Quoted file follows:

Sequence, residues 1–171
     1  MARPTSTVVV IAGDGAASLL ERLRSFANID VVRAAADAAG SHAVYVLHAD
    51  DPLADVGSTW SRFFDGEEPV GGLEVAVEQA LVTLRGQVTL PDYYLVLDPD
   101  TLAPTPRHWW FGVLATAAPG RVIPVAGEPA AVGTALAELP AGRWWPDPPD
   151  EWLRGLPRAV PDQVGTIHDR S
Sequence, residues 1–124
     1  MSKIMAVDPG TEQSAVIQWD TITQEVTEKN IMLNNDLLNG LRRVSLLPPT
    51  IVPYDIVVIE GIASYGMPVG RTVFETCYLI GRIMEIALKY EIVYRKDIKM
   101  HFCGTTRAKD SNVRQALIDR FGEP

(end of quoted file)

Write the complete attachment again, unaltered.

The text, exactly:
Sequence, residues 1–171
     1  MARPTSTVVV IAGDGAASLL ERLRSFANID VVRAAADAAG SHAVYVLHAD
    51  DPLADVGSTW SRFFDGEEPV GGLEVAVEQA LVTLRGQVTL PDYYLVLDPD
   101  TLAPTPRHWW FGVLATAAPG RVIPVAGEPA AVGTALAELP AGRWWPDPPD
   151  EWLRGLPRAV PDQVGTIHDR S
Sequence, residues 1–124
     1  MSKIMAVDPG TEQSAVIQWD TITQEVTEKN IMLNNDLLNG LRRVSLLPPT
    51  IVPYDIVVIE GIASYGMPVG RTVFETCYLI GRIMEIALKY EIVYRKDIKM
   101  HFCGTTRAKD SNVRQALIDR FGEP